Tomorrow I will take time to care for me. I will devote time to drive to doctor’s office, time sit in the waiting room and time to discuss why I am there. Tomorrow is a non-busy day, there is nothing on my schedule, and tomorrow it is. Tomorrow was New Year’s Day.
What appeared to be a great time to see the doctor was also a great time for the doctor to have family time. Since my chosen day coincided with a holiday, many offices held abbreviated office hours and my “fashionably late” timing resulted in missed opportunities in the clinic. I saved all my time up only to overspend it at an Emergency Room. While waiting several hours for my name to be called, my mind filled with questions and wonderings on how I can avoid this unfortunate circumstance in the future. What if I saved time using the medical knowledge I attained when my kids were younger. What if I used my technology to save time with the doctor? What if I could magically transport my symptoms to receive a diagnosis? What if my time saved me money? After spending four hours in the ER only to be diagnosed with sinus infection, something had to change. How did I miss the symptoms of something I had before? It is time to get in touch and take care of me. A call to a medical practitioner to discuss what was going on can save time, money and frustration, even when the clinic is closed.
I frequently use my computer or smartphone to search for the signs and symptoms of my families complaints. Whether entering a physical or virtual doctor’s office, I brace myself for confirmation of self-diagnosis. When the symptoms are “been there, done that,” it only seems fitting we receive the right prescription with a call or click. Telemedicine is the remote delivery of healthcare services and clinical information using telecommunications technology. Many health insurance carriers are adding the telemedicine supplement to their plan options. When it is not an option, monoline Telemedicine Insurance may be available.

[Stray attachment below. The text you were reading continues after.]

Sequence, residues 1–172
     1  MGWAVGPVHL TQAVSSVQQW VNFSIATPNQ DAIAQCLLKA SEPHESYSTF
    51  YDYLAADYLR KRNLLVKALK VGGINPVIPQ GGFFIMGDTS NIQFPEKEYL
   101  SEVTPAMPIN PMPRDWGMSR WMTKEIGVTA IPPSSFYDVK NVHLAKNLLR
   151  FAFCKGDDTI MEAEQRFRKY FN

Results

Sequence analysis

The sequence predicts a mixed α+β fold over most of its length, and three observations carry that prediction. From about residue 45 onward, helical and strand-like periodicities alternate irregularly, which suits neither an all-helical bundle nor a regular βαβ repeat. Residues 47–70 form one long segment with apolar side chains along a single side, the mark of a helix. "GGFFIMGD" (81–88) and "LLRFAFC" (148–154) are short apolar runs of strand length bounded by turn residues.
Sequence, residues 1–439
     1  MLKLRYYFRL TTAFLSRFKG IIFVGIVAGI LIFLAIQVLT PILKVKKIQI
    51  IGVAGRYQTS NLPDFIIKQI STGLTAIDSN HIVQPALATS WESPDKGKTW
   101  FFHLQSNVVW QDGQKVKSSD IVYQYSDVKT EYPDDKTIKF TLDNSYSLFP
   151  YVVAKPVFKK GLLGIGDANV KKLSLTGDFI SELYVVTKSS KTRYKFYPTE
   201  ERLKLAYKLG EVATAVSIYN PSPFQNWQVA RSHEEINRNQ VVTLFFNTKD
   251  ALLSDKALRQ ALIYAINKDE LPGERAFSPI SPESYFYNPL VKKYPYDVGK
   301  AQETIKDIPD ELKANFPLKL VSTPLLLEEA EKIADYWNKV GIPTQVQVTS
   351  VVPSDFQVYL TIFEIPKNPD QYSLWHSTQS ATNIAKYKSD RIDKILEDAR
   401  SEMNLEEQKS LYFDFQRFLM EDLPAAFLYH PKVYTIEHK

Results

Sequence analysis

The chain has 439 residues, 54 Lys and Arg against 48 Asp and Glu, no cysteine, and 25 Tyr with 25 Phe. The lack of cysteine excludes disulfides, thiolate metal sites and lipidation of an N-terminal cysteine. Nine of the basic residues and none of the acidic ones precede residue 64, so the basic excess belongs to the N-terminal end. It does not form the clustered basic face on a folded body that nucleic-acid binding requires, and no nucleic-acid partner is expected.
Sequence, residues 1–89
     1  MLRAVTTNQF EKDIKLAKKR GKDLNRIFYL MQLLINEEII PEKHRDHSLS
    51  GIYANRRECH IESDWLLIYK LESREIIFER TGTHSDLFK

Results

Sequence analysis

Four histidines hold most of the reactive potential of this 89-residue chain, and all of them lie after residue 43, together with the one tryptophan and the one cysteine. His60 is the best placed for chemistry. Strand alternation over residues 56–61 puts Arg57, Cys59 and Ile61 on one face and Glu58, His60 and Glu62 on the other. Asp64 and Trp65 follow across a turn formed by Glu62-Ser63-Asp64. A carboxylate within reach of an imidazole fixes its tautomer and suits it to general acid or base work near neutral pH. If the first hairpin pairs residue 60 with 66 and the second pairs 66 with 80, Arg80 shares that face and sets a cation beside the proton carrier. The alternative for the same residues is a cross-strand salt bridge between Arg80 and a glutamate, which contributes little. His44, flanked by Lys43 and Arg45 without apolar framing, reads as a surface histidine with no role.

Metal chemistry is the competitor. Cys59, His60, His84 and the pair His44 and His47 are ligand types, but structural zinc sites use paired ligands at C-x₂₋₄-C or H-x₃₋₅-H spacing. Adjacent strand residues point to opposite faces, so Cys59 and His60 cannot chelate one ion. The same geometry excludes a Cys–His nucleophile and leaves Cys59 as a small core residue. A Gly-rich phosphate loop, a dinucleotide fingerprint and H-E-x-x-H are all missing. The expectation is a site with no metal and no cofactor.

Telemedicine Insurance provides assistance by trained medical professionals and licensed physicians. Using technology, telemedicine assists with diagnosis and treatment of common illnesses, provide counseling services and referrals when needed. Telemedicine is not a reason to void the relationship with your Primary Care Practitioner (PCP); it is an opportunity to save time and money for common illnesses prolific in your community at any given time. Not all symptoms are treatable with technology, and a visit to your PCP will be required.
Before I blindly let my health deteriorate in the hustle and bustle of raising a family, it is important to know I can save time with a phone call, chat session, FaceTime or Skype when it is convenient for my schedule. The slippery escape from the New Year’s promise is harder to deny when help is dial or click away. This year I will be healthy ready to enjoy every milestone.